The critical issue is that we need to be more cognizant of the value proposition than in past eras, and genitourinary oncologists must come to grips with the idea that finances for health care are becoming much more restricted.— Derek Raghavan MD, PhD, FACP, FRACP, FASCO
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There is a new yin-yang of management in genitourinary oncology, with the balance of opposing power focused among cancer cells, kinase inhibition, and lymphocyte function, representing a shift in the fashions of treatment somewhat away from chemotherapy. This linear progress has been complicated by the litany of rules and regulations surrounding the Medicare Access and CHIP Reauthorization Act; the Merit-Based Incentive Payment System; a new reverence for big data; Republican plans for reconstruction, replacement, and/or repeal of the Affordable Care Act; as well as the crucially important increasing focus on value—all of which may make the application of our scientific progress more difficult.
In the past decade, we have made important progress in the management of cancers of the prostate, bladder, and kidneys. The harbinger was the management of renal carcinoma, building on an increased understanding of the biologic impact of kinome function on the growth of clear cell carcinoma and an improved appreciation of the multifunctionality of molecular interactions in the growth and inhibition of this tumor.
Recent findings suggest the c-MET and vascular endothelial growth factor receptor inhibitor cabozantinib (Cabometyx) is active after failure of the more conventional tyrosine kinase inhibitors and may be more active than sunitinib (Sutent) in the front line. Further, researchers have recognized the importance of the interface between programmed cell death protein 1 (PD-1) and its ligand (PD-L1), with T-cell function as a non–cross-resistant mechanism to inhibit the growth of kidney cancer, representing a potentially easier (but possibly more expensive) option compared to interleukin-2 (Proleukin).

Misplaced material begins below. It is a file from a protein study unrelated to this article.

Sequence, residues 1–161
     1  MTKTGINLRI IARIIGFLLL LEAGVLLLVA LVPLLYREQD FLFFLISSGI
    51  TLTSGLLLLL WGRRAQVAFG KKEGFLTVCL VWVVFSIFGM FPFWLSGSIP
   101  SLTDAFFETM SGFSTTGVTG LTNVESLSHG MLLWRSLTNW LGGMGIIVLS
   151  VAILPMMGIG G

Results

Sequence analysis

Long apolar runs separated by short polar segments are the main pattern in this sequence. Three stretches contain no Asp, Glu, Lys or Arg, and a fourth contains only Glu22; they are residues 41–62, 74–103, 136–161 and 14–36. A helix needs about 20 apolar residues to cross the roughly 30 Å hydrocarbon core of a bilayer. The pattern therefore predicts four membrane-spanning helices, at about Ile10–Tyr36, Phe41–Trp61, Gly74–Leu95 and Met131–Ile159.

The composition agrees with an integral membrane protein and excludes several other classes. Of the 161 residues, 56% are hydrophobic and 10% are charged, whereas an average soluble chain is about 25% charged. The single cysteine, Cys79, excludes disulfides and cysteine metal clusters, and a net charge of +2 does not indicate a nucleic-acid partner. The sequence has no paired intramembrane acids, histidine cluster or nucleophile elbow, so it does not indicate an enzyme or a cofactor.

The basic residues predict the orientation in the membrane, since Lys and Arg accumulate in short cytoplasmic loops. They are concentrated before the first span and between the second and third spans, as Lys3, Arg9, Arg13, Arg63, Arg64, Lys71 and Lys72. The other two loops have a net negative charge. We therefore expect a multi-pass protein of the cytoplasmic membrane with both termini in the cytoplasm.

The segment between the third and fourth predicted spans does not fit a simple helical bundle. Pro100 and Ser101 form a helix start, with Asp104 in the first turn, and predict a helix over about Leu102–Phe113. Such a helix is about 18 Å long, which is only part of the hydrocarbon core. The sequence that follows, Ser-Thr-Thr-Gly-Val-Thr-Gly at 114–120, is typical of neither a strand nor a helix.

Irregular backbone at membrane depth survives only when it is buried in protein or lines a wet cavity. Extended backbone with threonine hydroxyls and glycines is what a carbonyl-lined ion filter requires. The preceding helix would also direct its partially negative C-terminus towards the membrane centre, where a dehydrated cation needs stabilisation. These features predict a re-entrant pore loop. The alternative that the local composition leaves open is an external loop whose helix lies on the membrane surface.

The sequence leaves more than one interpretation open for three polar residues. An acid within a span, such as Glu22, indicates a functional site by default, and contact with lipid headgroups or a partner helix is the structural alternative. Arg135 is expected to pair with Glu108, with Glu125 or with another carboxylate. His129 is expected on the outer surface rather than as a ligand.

Subsequently, the U.S. Food and Drug Administration (FDA) also blessed the PD-1/PD-L1 interface as a meaningful target for clinically relevant intervention in advanced bladder cancer. This should not be a surprise, as decades of work have shown that immunomodulation of noninvasive bladder cancer by bacillus Calmette-Guérin and interferon leads to sustained tumor regression.
The shibboleth that immunotherapy had no role in urothelial cancer was probably based on inadequate cancer trials, and more recent studies have clearly shown sustained anticancer efficacy of T-cell activators against advanced disease. Ongoing work will perhaps show that kinase inhibition, if appropriately focused by molecular target identification, also results in sustained tumor regression of bladder cancer—although it is important to note that the early use of sunitinib and similar agents in this setting did not have a clinically sustained outcome.
Presentations at the 2016 ASCO Annual Meeting and the more recent Genitourinary Cancers Symposium demonstrated our growing knowledge of androgen receptor function and its implications for the clonal heterogeneity of prostate cancer. New-generation second-line hormonal agents (eg, abiraterone [Zytiga], enzalutamide [Xtandi]) reflect these new biologic constructs; they are active in this setting, and their clinical indications seem to be expanding. However, it is not yet beyond question that they should always replace less expensive drugs like ketoconazole.